The red hat maxim that has been splashed across our political arena these past few years hints of too much exclusivity. It makes me very uncomfortable. While comparing my patriotism to my faith, shall I gather all the love and grace and forgiveness of Christ for myself, hoarding His salvation from others for fear of losing any part of it for me alone? That is a preposterous suggestion. And yet too often, that is the message we are sending the world. A message of fear. ‘We have it and you don’t and we don’t want to share it with you because there won’t be enough of it left for our country.’

The goal of a peaceful world is our guide for the present and our vision for the future. The quest is the greatest adventure of our century. We sometimes chafe at the burden of our obligations, the complexity of our decisions, the agony of our choices. But there is no comfort or security in evasion, no solution in abdications, no relief in irresponsibility. The problems of the world cannot possibly be solved by skeptics or cynics, whose horizons are limited by the obvious realities. We need men who can dream of things that never were, and ask why not? ~ John F. Kennedy

There is no shame in American patriotism. We honor those that have served to fight for our country, especially those that were killed in the process. We pay homage to those within our own personal lives that have gone on before us. We honor and love and respect their commitment to make our lives stronger and more abundant. The greatest way that we can honor them, however, is to take up the mantle of responsibility they made available to us. We want our own lives to be great. We want our immediate families to prosper and succeed. We wish for our cities, our states, our country to excel. Yet our truest success will be found when we can offer these unlimited opportunities of liberties to every human worldwide. As Americans, we must set the example for civility. As Americans, we must lead the way.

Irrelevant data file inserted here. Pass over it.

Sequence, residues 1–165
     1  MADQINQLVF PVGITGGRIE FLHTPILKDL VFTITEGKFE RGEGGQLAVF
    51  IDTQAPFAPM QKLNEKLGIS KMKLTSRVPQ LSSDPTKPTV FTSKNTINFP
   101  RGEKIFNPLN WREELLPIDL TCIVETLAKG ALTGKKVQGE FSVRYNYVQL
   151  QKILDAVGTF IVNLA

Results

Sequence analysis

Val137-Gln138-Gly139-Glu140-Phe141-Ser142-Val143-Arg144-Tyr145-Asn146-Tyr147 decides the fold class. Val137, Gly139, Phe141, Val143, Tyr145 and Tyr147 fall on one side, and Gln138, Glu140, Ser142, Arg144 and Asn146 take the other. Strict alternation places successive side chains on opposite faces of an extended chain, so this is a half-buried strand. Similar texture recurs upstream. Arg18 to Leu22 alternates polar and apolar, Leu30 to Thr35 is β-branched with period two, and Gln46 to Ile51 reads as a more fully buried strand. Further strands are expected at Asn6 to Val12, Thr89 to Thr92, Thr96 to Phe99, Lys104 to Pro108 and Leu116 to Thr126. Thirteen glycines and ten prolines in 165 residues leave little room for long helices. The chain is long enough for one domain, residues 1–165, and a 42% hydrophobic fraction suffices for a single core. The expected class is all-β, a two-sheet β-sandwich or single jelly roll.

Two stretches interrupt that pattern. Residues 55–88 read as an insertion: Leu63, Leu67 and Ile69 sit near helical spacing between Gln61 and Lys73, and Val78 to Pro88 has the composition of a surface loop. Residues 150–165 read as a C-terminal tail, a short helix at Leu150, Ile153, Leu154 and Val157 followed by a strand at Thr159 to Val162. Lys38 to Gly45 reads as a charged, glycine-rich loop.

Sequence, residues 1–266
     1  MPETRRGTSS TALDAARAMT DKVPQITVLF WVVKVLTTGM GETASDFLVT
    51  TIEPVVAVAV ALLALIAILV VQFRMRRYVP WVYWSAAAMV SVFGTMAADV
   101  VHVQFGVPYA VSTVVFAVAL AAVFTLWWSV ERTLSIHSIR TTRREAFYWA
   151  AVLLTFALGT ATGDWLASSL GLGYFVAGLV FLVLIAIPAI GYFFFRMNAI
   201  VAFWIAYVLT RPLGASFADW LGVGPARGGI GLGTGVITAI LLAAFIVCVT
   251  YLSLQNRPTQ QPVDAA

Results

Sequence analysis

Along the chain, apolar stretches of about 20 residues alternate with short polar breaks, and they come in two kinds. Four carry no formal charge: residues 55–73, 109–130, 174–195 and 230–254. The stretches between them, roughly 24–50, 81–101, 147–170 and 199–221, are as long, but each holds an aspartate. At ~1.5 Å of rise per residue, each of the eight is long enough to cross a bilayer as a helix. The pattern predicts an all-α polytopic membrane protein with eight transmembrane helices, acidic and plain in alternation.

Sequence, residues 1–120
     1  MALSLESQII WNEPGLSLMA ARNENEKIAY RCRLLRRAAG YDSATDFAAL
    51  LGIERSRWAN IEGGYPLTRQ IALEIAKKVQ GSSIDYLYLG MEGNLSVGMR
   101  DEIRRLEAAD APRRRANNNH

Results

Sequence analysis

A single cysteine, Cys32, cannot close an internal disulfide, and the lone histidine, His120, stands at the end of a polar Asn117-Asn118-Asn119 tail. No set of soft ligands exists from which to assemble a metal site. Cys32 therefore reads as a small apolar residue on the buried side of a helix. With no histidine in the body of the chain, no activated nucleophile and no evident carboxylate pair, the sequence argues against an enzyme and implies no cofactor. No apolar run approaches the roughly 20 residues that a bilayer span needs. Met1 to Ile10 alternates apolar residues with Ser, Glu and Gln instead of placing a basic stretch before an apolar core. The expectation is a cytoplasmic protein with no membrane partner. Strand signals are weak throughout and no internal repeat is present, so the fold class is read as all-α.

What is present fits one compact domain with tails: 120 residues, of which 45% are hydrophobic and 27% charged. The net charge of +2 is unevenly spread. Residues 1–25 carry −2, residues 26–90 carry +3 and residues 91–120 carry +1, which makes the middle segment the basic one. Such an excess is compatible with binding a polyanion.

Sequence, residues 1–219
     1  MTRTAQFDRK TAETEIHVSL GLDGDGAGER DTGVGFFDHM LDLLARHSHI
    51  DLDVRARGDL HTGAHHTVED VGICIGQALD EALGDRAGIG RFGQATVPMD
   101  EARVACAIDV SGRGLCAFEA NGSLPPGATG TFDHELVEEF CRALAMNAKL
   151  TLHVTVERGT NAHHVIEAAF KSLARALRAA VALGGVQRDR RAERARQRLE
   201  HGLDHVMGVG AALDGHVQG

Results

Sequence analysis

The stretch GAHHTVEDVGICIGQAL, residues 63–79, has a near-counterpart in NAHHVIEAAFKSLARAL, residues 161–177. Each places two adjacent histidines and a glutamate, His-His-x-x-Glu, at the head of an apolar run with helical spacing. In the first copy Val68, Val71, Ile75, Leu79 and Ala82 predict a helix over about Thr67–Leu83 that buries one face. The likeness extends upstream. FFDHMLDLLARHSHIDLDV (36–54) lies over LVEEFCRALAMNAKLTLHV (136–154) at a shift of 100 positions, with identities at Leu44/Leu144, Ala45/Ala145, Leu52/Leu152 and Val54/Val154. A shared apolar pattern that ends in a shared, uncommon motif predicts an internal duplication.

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a word about the photograph above:
My sweet friend, Cricket, lives in this lovely 1895 home in Springville, Alabama. Her instagram account is like stepping into The American Dream and never wanting to come out. As amazing as their home renovation has been, her heart exceeds even that. Her beautiful daughters and handsome son have wonderful role-model parents AND Cricket has the MOST adorable side hustle as a vintage shopkeeper in a remodeled vintage camper. Please check out her market schedule and see if she’ll be at a market near you. And look through her home renovation as well as their unbelievable camper renovation. She’s someone on my rather short list of People I’d Like to Meet in Person Someday.

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she’s got good bones

Trees get too much credit in the spring and summer. We applaud their grand show in the fall. But there is something magical and majestic about their winter bones. In winter we can see discarded birds nests, inhabitants who have moved on to larger spaces. In winter we can look through groves of trees and see beyond the usual limitations of summer’s thick foliage.

As I pass another birthday and am becoming better friends with this ‘new’ face I see in the mirror each day, I wonder what it would be like to have just a little plastic surgery. I mean, even a sow’s ear can be lovely with enough surgery and make-up; a little addition here, a little subtraction there. I feel far too exposed, at times, as my face and body become less and less easy to identify as my own.

However, the trees in winter are no less significant even if their summer beauty isn’t as easily seen. Instead we see straight through to their souls. There is no hiding in winter. Everything is laid bare and open. And yet they stand there bravely. Unashamed. Still protecting. Still holding their place. Waiting.

Of winter’s lifeless world each tree
Now seems a perfect part;
Yet each one holds summer’s secret
Deep down within its heart.
– Charles G. Stater

Sure, we remember the flexibility and smooth surface of our youth, holding summer’s secret deep within our memory. But lifeless we are not. We still desire to be used for a great purpose. We still desire to love with our whole heart. There is still a great task to be done.

Do not misunderstand our purpose, waiting here in winter. We are regrouping and redefining and once we catch our winter’s breath, we will bloom yet again in the spring.